If you’re old enough, perhaps you recall the immense relief that swept the country when the number of new cases dropped off – apparently, it wasn’t contagious. The discovery of the cause, however, spawned a whole new slate of fears because there were cooling towers in practically every building, just like the one at the Bellvue-Stratford. And it could happen again – to anyone. The fear was palpable: the public had a very loose notion of the science behind the disease and not much information on it.
Legionnaires’ disease began at least 33 years before the 1976 Philadelphia epidemic, and in the years since, it continues to claim victims.
Wikipedia offers a brief list of some of the most striking outbreaks in the past 30 years:
April 1985, England: 175 people in Stafford, England, were admitted to two local hospitals with a chest infection or pneumonia. More than two dozen did not survive. After the Legionella bacterium was found, an investigation pinpointed the source to the cooling tower on the roof of one of the hospitals.
March 1999, Holland: More than 300 people fell ill and more than 30 died of Legionnaires’ disease after attending a flower show.
July 2001, Spain: More than 800 suspected cases were recorded and six deaths reported.
September 2005, Canada: 127 nursing home residents fell ill, with 21 deaths that week. The disease was traced back to the air conditioning cooling tower.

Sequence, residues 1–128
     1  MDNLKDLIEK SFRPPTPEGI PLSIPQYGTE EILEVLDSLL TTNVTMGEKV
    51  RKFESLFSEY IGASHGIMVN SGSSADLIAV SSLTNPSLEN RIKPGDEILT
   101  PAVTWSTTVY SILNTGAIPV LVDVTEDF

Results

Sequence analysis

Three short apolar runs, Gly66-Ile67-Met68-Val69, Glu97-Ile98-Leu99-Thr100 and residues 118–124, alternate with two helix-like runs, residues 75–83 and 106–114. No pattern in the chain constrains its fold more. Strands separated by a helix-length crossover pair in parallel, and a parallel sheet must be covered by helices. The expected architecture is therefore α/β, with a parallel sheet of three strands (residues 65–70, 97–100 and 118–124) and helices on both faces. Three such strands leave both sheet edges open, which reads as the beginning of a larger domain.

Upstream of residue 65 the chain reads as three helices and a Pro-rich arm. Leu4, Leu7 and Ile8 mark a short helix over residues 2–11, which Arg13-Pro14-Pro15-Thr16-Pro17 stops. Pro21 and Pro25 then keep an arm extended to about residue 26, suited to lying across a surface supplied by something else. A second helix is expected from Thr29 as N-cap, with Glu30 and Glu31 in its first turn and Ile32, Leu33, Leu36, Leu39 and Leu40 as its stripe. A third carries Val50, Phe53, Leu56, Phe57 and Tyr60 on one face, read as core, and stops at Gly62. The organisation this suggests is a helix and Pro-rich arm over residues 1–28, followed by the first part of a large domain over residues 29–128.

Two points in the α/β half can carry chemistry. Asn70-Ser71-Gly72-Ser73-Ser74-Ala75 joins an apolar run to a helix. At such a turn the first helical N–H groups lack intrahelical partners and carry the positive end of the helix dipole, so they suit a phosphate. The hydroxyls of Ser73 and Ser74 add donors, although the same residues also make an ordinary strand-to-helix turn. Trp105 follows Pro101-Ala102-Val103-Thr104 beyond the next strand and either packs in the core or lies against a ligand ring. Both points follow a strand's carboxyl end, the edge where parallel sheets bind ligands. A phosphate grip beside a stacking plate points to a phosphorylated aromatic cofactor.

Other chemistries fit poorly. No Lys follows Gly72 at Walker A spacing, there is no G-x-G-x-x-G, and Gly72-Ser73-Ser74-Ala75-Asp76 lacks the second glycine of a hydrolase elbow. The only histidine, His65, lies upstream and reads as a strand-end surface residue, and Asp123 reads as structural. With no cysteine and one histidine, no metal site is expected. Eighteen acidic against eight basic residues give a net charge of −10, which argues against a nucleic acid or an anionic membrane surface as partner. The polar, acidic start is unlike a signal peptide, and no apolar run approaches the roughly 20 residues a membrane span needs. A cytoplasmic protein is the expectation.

November 2014, Portugal: More than 300 people were hospitalized and seven succumbed to the disease that festered in the cooling towers of a local fertilizer plant.
August 2015, New York City: More than 110 cases of Legionnaires’ disease and 12 related deaths were reported in the Bronx. The Department of Health determined that Legionella was found in the cooling systems of five public places, which were swiftly decontaminated.
August 2015, California: An outbreak of Legionnaires’ disease was detected at San Quentin State Prison in Northern California.
June 2015-January 2016, Michigan: Beleaguered Flint, Michigan, has suffered at least 87 cases of Legionnaires’ disease with 10 resulting in fatalities.
The original Philadelphia outbreak, of course, triggered new regulations for the climate control industry not just in this country, but across the globe. Preventing Legionnaires’ disease requires one thing: keeping Legionella from colonizing in your water system.
To understand that, let’s take a look at how a cooling tower works. It’s made to extract heat using water. Hot air intakes pass through the water, transferring heat from air to water and causing some evaporation, which rises and, when cooled, collects at the bottom of the tower and recycles for reuse, though there are restrictions for reuse in certain circumstances. Warm water is Legionella’s comfort zone, and cooling towers provide the perfect storm for this bacteria to multiply, infect silently and kill.
Proper cooling tower disinfection and maintenance practices are the key to preventing another outbreak and adding to the unfortunate death toll. Of course, a large part of that is having the proper equipment. You’ve probably got some questions and concerns about controllers and related equipment now, so give us a call at 303-232-6861 or email us at email@example.com. At DEWCO, we have a selection of water treatment solutions and closed systems that can help prevent this swift and silent killer from affecting your operations and taking any more victims. Give us a call today and let us help figure out the best solution for your building.